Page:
- Are there existing chimneys?
- Is it two storeys?
- Is there a garage? and
- How does it fit in the context of that particular area and the neighbouring buildings and garden settings?
In other words, development toward the rear of a property is generally acceptable subject to the scale and form, siting, materials etc of the proposal. These are the considerations under Council’s Infill Guidelines.
Can I still renovate my home?
Yes. A heritage listing or owning a house in a heritage zone does not prevent you from carrying out renovations, alterations or additions to your property.
It will mean, however, that any work you propose needs to be sympathetic with the style and period of the building and the surrounding character of the neighbourhood.
Orange City Council has produced Infill Guidelines which are designed to assist home owners/designers/ architects through this process and guide development that will be appropriate for the particular building and the location.
Will I have to lodge a development application to do a renovation?
Generally speaking, all renovations require an approval whether or not they are heritage buildings (please refer below to question on minor or maintenance works).
Will these changes make getting a development consent more difficult?
There isn’t a simple answer to this question.
Provided you reference the Infill Guidelines in your design, there is no difference between obtaining consent for a heritage item or a building in a heritage conservation area, compared with gaining consent for buildings which are not heritage items or not located within a heritage conservation area.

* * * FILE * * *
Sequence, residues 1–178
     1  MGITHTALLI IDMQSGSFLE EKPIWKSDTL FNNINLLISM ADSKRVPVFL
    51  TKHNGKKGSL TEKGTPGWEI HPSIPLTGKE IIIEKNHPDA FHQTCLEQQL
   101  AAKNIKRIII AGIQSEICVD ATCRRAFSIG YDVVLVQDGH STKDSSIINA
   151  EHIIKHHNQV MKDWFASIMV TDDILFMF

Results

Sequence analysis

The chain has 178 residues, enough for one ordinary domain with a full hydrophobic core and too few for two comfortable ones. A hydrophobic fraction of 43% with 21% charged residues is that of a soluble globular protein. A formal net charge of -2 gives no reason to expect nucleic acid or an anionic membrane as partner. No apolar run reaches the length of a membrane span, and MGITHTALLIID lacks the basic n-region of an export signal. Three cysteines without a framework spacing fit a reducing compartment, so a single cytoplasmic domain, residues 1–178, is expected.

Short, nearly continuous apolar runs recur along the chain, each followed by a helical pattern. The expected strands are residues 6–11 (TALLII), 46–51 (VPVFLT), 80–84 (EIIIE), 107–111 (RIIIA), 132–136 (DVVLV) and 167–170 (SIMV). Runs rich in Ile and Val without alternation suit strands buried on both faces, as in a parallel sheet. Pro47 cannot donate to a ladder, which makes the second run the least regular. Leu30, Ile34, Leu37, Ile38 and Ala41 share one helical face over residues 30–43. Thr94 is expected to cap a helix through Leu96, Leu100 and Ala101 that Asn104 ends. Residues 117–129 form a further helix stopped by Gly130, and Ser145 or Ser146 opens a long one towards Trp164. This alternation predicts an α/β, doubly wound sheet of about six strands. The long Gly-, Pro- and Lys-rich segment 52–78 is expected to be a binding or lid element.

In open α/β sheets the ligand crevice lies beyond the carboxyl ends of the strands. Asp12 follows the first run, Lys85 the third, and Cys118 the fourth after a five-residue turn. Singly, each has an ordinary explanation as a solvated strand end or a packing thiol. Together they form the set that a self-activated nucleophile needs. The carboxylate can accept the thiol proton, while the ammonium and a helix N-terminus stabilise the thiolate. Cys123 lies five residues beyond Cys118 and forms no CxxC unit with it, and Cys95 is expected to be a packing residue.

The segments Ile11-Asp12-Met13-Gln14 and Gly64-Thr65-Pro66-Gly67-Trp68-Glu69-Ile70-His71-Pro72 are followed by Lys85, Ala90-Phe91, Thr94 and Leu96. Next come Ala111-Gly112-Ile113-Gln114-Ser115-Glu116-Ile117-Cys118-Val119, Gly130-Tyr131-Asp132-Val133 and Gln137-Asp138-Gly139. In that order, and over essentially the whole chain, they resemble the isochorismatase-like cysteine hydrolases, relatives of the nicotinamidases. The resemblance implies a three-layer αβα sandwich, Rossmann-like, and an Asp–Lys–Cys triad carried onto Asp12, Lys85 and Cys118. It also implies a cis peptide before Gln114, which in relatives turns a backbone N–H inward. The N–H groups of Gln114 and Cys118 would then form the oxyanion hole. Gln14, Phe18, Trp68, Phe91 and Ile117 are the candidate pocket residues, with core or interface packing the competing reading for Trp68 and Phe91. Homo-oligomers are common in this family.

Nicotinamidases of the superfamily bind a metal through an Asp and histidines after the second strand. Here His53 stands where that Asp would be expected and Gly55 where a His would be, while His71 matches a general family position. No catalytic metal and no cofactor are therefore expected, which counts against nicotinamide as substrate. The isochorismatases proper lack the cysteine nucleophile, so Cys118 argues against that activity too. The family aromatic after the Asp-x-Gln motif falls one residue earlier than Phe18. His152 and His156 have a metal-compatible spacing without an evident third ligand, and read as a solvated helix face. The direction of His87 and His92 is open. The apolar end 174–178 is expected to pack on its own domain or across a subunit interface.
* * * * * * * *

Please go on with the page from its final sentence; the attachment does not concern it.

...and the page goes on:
If you want to make changes that don’t comply with the Infill Guidelines, that would make gaining consent more difficult.
Orange City Council recognises these extra requirements by appointing a Heritage Advisor who is a heritage architect contracted to Council to provide free architectural advice to assist you with your project and work. Home owners benefit directly from this process, and it assists with the consent process and with the local knowledge required to find the skilled trades for your works. The community are encouraged by Council to use this service to assist with the design process and with possible grant applications.
Engaging with Council staff early in the process and having an open dialogue at the beginning of a project is encouraged.
There is a category of building assessments called ‘complying developments’. This category is designed to streamline the assessment of very straightforward and commonly-designed projects, which can be assessed and approved by a private certifier rather than Council staff.
Having your house or property listed as a heritage item does mean complying development certificates cannot be issued. Only detached outbuildings and swimming pools can be issued a complying development certificate for a property in a conservation area. This process is there to protect those with valued significant buildings and their neighbours.
Will I be able to propose an ‘exempt development’?
There is another category of building projects known as ‘exempt development’ which allows minor developments which have minimal environmental impact to occur without needing any approvals.
Some works under the state wide policy for exempt development may not be allowed for heritage items or a building in a conservation area. However, Council’s Local Environmental Plan contains a provision (clause 5.10(3)) that allows minor or maintenance work of any type to occur without the need for a development application to be lodged with Council, provided the minor or maintenance works will not have a significant impact on the heritage significance of the place.
This involves filling in a simple exempt works form, submitting that to Council’s Planning staff and, provided it meets the requirements, notice will be provided back to you that works can begin.